© 2017 by Katy Slany

November 18, 2017

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A tough conversation: How to talk to kids about white privilege

August 18, 2017

This week I had planned to talk about something else.

However in light of recent events I think it's really important and necessary to tackle this difficult, cumbersome and uncomfortable topic. 

First off I want to say that I'm not an expert on race relations, I haven't figured this out and I don't have all the answers. I am writing this merely as an attempt to open and keep opening this conversation and to create a dialogue for anyone interested in being a part of this conversation.

I believe that this is one of the many ways we can move forward.

 

I also want to acknowledge that this is only a reflection of what I've learned, in my own life, education and experiences. This is what has been helpful in my own understanding of privilege, race and white supremacy. This is by no means all there is to say about the topic nor is it the only way to look at this issue. I will continue to learn, to educate myself and others about my findings and about new ways of looking at this tough issue. I encourage you to do the same.

 

Part of why I fell in love with teaching and why I'm so passionate about working with younger generations is because it gives me hope. I believe that with the right guidance and the right opportunities we can create a world that we want to be a part of.

Teaching children about how to treat each other on the playground or in the world reminds me that we are inherently good and if we teach our children these lessons early on then we have a chance for a better place for us and for our children to inherit.

As adults it is our job to be held accountable, to do this tough work, to feel vulnerable and awkward. It is up to us to keep looking inside to see and understand that we may be upholding systems of white privilege. If we want things to change, I see it as essential that we continue to learn, that we keep listening to each other and when things get rough or difficult that we step back and take care of ourselves until we're ready to keep fighting.

There are so many things that could be discussed in this but I will only choose a few of the key points.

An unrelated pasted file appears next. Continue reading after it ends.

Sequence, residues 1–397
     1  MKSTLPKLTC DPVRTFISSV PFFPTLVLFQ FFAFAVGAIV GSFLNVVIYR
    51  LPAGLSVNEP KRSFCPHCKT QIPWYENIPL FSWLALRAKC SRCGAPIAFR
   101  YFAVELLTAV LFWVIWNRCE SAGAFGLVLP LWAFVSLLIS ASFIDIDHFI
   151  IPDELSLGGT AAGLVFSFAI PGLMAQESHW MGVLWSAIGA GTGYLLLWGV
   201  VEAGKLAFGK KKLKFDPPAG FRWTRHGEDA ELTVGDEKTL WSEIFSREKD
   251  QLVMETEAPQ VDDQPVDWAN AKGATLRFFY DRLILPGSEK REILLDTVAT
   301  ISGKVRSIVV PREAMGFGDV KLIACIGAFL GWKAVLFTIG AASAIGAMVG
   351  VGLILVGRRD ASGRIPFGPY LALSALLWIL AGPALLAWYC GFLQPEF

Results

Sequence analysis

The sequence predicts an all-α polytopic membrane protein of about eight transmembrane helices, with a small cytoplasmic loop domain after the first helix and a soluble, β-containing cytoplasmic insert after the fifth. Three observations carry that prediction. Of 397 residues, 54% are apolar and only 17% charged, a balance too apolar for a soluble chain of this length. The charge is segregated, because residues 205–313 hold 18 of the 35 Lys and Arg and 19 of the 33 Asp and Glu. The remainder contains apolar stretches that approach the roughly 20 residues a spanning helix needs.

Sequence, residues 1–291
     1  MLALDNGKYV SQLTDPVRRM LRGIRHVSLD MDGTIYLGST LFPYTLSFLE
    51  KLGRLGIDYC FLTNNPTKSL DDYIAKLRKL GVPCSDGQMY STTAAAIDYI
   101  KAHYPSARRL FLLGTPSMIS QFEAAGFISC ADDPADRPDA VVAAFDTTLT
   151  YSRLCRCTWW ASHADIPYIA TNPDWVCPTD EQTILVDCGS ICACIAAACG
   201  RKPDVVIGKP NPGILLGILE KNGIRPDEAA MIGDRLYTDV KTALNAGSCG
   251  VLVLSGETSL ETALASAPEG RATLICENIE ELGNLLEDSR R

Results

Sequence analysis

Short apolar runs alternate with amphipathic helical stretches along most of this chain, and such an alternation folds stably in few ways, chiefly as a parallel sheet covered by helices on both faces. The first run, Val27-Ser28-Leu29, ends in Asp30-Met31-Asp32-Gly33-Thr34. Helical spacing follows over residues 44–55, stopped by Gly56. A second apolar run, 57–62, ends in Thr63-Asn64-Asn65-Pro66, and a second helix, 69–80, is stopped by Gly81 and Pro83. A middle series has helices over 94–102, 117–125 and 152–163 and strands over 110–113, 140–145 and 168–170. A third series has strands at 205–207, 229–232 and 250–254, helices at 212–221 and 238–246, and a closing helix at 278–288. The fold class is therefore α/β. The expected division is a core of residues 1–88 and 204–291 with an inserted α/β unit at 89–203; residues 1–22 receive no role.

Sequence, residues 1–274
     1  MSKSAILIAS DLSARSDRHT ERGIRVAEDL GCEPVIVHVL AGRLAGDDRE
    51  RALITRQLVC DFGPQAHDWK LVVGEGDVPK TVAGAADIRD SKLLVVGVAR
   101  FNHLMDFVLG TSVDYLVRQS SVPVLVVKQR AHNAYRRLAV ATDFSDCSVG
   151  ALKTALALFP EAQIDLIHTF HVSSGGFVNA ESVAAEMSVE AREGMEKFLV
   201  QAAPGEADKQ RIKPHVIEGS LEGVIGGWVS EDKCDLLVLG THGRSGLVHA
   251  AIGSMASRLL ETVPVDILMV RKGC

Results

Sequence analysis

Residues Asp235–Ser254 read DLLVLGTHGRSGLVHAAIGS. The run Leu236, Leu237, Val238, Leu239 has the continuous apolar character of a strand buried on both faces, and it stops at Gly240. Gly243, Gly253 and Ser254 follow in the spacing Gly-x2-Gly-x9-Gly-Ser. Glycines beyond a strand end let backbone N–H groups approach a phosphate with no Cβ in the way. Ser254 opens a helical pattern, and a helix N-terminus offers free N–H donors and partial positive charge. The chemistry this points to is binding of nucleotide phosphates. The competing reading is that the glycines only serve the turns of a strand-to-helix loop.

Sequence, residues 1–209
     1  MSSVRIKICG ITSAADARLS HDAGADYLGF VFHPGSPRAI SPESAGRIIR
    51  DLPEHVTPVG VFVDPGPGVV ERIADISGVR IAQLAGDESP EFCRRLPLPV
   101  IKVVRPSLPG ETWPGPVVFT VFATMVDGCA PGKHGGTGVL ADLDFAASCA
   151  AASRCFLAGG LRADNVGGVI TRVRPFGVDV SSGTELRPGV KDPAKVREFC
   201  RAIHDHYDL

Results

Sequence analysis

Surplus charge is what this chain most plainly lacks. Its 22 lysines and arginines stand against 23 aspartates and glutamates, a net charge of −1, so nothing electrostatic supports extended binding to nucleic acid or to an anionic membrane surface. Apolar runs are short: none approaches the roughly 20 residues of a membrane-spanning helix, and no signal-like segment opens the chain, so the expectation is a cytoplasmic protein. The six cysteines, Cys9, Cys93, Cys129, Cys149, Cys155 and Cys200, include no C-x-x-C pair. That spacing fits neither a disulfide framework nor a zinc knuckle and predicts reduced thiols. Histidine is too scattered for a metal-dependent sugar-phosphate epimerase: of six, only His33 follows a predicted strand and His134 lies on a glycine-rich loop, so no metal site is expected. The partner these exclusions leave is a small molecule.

1. Establishing containers

Whenever we discuss difficult topics with kids (or anyone) whether in a classroom or at home, it is essential to set some ground rules. Things like what does everyone need to feel safe in this conversation or to be able to contribute to this conversation. It is important that in these conversations no one is made to feel unsafe. This stuff is hard and sometimes our experiences can teach us that to be vulnerable is to be unsafe. Whatever needs to happen to make sure everyone that is partaking in the conversation feels safe needs to be established before the conversation takes place.

Also as a side note be aware of the age of the children that are part of the discussion, find ways to relate it to them and the world they know.

 

2. Explaining white privilege

This one is tough, but most likely it's more tough for adults than children.

This term carries a lot of weight but before we get uncomfortable let's go over a few things.  White privilege is a term specifically used to describe the privileges and societal benefits allowed to people that have white skin. This is not a term that implies or describes any individual OR the experiences they have had in their lives. It does not deny hardships based on individual circumstances. It isn't about economics, religion, sexuality or gender. We don't need to apologize for being white and it is also not about shaming anyone who is white.

It is simply the acknowledgment that all over the world, people who are white are given an unearned advantage over other races based on history, and the systems that have been in place for many, many years.

 Once we are able to acknowledge our privilege then we can move forward and acknowledge the pain of others and that I believe is where the healing can begin to happen.

If you are white you experience white privilege,whether you acknowledge it or not, it is how society sees you based on your skin color.  

*Sidenote*

Another conversation to have for older kids might be around other kinds of privilege based on things like economic status, ability, age, sexuality, gender, these are all really important issues to acknowledge as well.